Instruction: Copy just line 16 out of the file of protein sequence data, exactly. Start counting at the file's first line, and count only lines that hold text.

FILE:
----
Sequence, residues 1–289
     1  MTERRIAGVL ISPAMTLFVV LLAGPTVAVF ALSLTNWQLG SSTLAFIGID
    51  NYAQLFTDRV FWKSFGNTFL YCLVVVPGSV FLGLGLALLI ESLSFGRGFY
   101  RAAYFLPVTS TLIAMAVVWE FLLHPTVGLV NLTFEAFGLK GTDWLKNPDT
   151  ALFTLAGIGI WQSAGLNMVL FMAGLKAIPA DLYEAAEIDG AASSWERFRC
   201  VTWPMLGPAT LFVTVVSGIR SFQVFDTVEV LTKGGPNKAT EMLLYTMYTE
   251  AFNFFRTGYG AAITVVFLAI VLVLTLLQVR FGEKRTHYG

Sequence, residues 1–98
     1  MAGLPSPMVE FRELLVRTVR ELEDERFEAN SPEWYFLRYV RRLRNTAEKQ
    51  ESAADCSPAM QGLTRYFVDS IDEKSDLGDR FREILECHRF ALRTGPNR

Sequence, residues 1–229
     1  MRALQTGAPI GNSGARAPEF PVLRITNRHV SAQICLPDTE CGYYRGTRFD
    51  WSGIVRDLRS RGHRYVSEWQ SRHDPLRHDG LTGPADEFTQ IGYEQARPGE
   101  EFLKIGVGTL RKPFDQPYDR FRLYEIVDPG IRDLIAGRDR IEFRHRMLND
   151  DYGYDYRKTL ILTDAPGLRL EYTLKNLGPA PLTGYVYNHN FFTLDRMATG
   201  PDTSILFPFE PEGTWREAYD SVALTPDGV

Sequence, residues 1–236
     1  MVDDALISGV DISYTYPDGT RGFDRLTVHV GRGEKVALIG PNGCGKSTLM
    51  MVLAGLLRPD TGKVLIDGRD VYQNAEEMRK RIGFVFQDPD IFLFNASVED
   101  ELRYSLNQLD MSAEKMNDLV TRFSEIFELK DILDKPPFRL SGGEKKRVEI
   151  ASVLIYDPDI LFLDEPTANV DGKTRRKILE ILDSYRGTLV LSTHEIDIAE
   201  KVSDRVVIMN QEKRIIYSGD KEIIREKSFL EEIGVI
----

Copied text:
   201  PDTSILFPFE PEGTWREAYD SVALTPDGV